A few months ago I had a man email me and ask if suicide was a sin.
I messaged him back with some thoughts. But I suspected there was probably more to the story and asked why he'd asked. Of course, there was more to the story, more and more spilled into a small box on a screen, scrawled and sent to me, a stranger. He told me about an affair, about a ruined marriage, about broken dreams and a heavy heart and a life that didn't seem much like a life anymore. He told me he wanted it to end.
And I stared at that email wondering what to say. And I waited too long and said nothing.
Which is, I think, the worst thing I could have done.
Today is World Mental Health Day.
It's a special day for me because it's something I've striven for years to achieve and maintain, and because I've watched so many friends, family and readers grapple with the pain and hardship of mental illness.
My personal journey with depression (more precisely bi-polar II) began in middle school when, more and more, I began manipulating my parents to let me stay home from school. I told them I felt sick--which wasn't a lie, but also wasn't the whole truth. Since then, I've watched myself again and again sink into deep holes of inexplicable sadness, apathy, and acedia.
When I tell people what depression feels like to me, I say it's like going through life with a giant boulder strapped to your back. Or like living underwater. Everything is harder. Getting up is hard. Showering is hard. Making a phone call... The boulder isn't unliftable. As a mostly "high-functioning" depressive, often I can summon the strength. It's just SO heavy. In a depressed state, very rarely do I feel light or free.
A few years ago someone told me they'd had a suicidal thought, not an intention at all--they'd just had the fleeting thought, "Maybe I should kill myself." This was a person who'd never struggled with depression before, and he was clearly terrified. I told him not to worry so much (after I made sure he was seeing a counselor). I'd heard that voice before, too, I said. I'd heard it a lot actually. I knew by then, it's not so much that you want to die--you don't. It's more that you want to drop the boulder or come up for air.
Tonight I'm thinking of that man who asked if suicide was a sin, that man so ready to give up. And I'm wishing I'd said this:
I wish I'd told him how tired I feel sometimes, how I just want to quit trying, quit striving, quit reaching for the perfect life that always seems out of reach. I wish I'd told him his thoughts weren't weird or unnatural. That they made sense to me in the face of so much pain. I wish I'd told him, "I'm sorry life is so hard."
I wish I'd told him about the chalkboard in my room with the words "Stay Alive" in lovely cursive and about the ring I wear that says "Rise to Live." I wish I'd told him I'm choosing life. I wish I'd told him how glad I am to have chosen it. And how hard I know it will be to choose tomorrow.
I wish I'd told him what it's like to seek and find abundant life in Christ, how I've hitched myself to Jesus' promise, how I pray for it and ache for it and how I've seen God deliver it in full measure.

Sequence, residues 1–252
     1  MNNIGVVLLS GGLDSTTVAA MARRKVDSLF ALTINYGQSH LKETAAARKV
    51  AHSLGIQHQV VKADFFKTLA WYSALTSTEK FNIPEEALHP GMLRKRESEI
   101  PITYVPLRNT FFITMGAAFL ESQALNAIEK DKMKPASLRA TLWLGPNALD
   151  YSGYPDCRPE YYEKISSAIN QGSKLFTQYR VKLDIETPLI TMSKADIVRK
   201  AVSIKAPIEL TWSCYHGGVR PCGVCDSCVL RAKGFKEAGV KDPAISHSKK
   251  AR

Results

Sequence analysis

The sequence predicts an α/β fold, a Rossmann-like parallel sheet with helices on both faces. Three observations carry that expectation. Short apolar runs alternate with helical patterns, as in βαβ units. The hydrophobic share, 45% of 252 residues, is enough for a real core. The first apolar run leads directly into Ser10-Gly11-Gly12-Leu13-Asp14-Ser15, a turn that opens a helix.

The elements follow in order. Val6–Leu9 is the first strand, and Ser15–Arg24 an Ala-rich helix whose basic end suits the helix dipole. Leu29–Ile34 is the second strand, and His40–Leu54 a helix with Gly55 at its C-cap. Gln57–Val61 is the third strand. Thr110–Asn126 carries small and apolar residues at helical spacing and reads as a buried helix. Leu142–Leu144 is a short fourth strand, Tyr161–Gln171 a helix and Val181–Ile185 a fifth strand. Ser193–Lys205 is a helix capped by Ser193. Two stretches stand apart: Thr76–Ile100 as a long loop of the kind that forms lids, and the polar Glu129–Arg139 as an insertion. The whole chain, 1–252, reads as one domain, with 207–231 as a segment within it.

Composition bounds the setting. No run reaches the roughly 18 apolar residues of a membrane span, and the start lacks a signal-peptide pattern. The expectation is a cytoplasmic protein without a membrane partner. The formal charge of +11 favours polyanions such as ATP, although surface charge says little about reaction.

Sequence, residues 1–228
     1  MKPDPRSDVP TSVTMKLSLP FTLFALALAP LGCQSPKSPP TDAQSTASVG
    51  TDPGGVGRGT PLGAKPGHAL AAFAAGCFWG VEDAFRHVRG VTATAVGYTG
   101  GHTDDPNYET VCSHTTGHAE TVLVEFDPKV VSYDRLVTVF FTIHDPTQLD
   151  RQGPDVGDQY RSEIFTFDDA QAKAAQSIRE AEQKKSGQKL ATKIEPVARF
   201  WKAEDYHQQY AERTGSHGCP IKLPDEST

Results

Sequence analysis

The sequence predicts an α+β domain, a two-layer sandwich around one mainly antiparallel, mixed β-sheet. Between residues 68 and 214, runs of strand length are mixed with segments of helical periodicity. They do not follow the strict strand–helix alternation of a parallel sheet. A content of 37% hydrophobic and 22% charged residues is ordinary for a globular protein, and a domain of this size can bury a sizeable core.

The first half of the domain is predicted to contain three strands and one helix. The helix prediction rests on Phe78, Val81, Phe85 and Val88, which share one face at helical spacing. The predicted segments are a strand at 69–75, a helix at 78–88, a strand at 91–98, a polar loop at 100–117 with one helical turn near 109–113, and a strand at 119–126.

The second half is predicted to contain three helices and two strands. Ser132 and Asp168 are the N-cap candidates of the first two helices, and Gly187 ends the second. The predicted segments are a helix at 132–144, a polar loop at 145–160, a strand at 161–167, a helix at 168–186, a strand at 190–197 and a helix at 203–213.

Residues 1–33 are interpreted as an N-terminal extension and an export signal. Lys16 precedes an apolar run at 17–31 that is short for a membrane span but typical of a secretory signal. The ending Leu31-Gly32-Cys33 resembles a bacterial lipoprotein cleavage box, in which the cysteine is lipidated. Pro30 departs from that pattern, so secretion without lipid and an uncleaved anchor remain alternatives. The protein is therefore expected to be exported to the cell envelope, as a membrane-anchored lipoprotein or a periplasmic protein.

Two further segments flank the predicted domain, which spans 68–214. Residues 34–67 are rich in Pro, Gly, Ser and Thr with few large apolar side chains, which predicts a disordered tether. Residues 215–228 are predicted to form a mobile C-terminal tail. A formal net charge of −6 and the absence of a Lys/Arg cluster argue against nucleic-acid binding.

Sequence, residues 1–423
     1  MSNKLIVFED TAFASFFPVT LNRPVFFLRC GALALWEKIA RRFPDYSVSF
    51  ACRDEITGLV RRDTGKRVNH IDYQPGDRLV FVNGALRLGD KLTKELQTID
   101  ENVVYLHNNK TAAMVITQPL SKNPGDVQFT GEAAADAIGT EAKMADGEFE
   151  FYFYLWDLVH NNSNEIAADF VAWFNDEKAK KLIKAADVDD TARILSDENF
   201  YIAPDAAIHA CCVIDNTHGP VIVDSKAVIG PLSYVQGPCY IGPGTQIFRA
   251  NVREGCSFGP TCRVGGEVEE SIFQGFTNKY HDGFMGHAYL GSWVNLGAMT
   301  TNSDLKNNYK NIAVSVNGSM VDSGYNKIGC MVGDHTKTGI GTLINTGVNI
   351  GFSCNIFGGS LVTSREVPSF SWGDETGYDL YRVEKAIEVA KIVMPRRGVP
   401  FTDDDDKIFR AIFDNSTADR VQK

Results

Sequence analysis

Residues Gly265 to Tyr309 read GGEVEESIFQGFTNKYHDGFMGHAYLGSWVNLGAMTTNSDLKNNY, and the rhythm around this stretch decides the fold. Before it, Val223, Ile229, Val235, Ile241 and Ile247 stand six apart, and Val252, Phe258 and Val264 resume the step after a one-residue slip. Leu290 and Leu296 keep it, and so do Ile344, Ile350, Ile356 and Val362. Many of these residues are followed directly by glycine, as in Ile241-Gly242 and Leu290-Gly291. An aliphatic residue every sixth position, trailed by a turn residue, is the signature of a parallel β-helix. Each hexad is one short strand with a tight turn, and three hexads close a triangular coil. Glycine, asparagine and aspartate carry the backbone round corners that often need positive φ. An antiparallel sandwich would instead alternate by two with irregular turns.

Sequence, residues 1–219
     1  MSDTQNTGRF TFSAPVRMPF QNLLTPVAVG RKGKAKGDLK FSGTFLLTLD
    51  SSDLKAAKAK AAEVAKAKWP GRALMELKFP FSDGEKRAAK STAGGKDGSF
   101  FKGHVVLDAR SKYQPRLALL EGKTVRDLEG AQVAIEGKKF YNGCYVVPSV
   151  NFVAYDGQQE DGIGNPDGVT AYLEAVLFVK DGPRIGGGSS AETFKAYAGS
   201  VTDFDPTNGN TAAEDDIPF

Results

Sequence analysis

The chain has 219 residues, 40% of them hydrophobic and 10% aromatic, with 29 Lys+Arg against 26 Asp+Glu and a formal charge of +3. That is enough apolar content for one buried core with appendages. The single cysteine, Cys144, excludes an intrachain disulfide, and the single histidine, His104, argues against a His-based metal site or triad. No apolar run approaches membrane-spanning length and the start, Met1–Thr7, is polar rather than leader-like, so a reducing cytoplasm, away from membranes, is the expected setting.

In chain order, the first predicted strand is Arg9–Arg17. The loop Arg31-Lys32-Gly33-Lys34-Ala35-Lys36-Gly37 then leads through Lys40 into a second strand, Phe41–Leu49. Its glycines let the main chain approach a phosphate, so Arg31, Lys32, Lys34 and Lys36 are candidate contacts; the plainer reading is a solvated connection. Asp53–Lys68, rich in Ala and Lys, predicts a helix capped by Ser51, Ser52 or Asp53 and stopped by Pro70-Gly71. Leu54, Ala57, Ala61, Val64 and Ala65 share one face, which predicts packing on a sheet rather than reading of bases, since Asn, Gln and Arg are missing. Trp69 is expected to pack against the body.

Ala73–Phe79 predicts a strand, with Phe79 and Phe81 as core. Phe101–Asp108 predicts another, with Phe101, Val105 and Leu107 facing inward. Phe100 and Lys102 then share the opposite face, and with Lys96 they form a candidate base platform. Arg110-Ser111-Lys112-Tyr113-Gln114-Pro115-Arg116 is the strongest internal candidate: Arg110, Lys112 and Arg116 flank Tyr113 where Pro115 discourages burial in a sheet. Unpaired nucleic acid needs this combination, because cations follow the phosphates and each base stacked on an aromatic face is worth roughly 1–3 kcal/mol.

I wish I'd told him how good it is to pray and read scripture, how I've found those things more healing than medicine, how a word from God can lift the boulder and make you feel for the first time in forever like doing things is possible.
I wish I'd told him about my battle plan, about how I take my thoughts captive and force them into ranks, how I grab the liars by the neck and choke them out, how I give microphones to the voices speaking truth. How I welcome God into my mind and ask Him to take over when I feel like I'm losing my grip.
I wish I'd told him choosing life is about choosing more than living--about how it's a commitment to practice joy--to celebrate and discover, to be silly and excited, curious, eager, and fun. I wish I'd told him joy doesn't have to come naturally. It can happen supernaturally for the dependent and the disciplined.
I wish I'd told him to find his people, to look for others who understand and love him. I wish I'd told him to share his story and listen to the stories of others. I wish I'd told him to ask for help.
I wish I'd told him, I'm rooting for you.
I wish I'd told him, things don't always have to be this way.
I wish I'd told him, with Christ there is always hope and always a reason to live.
Tonight, if you're feeling like maybe you'd like to give up, I want to pray for you...
God, our Father, Sustainer, Giver of life, be close to us. Walk with us through dark places and times. Lift our heads. Fill us with your Spirit growing joy and peace and hope in our hearts. Lead us into relationships with people who love us, people who want good for us, people who understand us and appreciate us just as we are. God lead us into disciplines that lead to mental health. Draw us into prayer. Call us into Your word. Plant us in the rich soil of community.
God, help us not give up. Empower us to choose life again and again and again. If it's possible, lighten our loads. If it's not possible, make us strong enough to carry those loads for as far as You need us to go.
God, give us life to the full just as You've promised.
In Jesus' life-giving name we pray...